12. If employees think they can progress in their own company, then they can be more likely to stay. Chart out career pathways for your staff so that they can plan for the future.

13. If your succession plan includes attracting talent from outside the organisation, make sure you have tapped the potential within first.

The following article was written by John Murphy.  He is the founder of John Murphy International, a specialist online coaching business. John specializes in advising and mentoring entrepreneurs and senior executives on how to build their business and be effective as a leader and manager.


“You have a red hot performer, she is excelling at all the key performance indicators, loved by your clients – WOW!
So, what is the problem?

The problem, as often articulated to me is, that you are afraid of losing her. You cannot pay anymore, you are afraid your competitors are buttering her up. So, what do you do?

The reality is we have all been there. We have hired well, the candidate has proven to be successful and has delivered in bucket loads. She is at the maximum earning power and we get terrified that she will start looking elsewhere.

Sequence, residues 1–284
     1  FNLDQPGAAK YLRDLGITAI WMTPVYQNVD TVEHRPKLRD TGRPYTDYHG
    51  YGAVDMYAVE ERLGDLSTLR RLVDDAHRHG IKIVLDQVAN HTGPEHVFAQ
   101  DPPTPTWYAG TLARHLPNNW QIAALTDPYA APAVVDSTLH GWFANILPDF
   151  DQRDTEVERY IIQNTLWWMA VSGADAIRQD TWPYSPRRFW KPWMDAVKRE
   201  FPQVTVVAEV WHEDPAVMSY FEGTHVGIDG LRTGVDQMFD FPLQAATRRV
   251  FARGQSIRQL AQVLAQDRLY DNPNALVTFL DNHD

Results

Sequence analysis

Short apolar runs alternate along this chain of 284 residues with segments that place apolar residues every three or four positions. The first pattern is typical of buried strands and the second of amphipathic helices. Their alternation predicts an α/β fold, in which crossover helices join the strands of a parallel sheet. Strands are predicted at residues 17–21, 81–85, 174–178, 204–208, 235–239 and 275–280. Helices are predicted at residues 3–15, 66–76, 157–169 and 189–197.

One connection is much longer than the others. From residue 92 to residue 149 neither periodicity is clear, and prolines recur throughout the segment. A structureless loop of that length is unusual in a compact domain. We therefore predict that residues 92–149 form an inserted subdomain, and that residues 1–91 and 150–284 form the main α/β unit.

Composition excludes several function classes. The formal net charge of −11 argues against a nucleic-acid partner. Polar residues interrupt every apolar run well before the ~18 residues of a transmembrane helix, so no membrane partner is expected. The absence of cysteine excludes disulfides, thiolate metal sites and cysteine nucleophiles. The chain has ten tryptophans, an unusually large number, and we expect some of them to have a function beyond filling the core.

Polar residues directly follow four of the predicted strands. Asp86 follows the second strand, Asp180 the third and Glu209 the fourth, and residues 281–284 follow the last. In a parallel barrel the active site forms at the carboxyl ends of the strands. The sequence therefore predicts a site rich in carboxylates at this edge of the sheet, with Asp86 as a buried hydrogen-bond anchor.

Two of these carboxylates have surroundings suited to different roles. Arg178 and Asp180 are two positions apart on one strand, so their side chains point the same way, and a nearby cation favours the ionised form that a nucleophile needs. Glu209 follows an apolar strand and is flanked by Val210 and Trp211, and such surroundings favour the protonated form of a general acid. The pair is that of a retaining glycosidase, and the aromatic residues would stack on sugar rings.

You are desperate to hold on to her. She is everything you want – bright, successful, dynamic and clients love her!
The mistake I have seen many make is to leave her to her own devices – “she is doing great, she doesn’t need any coaching, she is a free spirit (etc)”. That attitude normally has one outcome – she leaves!

So, how do you motivate your star performers to stay with you?

Firstly, you don’t avoid the obvious and not address it with her. Spend time with her, let her know how important she is to you. Tell her why you want her to stay and how important she is to the business. And, above all, acknowledge to her that other opportunities with your competitors will arise for her. Don’t be silly and pretend it is not the case – you know it and so does she!

Spend time coaching her to develop new skills, learn new techniques, expand her knowledge, and share the experiences you have had.

However, do not make promises you cannot fulfill. Don’t fall into the trap of promising more money at some time in the future because:
1. you are making it all come down to money, which is dangerous, but, even worse:
2. you have made yourself a hostage to fortune and if you cannot deliver, you have left the door wide open as now you are someone who does not keep their promises.

Keep in mind – people don’t leave organizations, they leave managers. That, fellow employers, is not one of those cute one-liners – it is an absolute fact and there is a load of research to back it up.

The managers who do not accept this, I am convinced, do so because to believe otherwise would demand of them to completely fulfill all aspects of their role as managers.

Support the development of their career: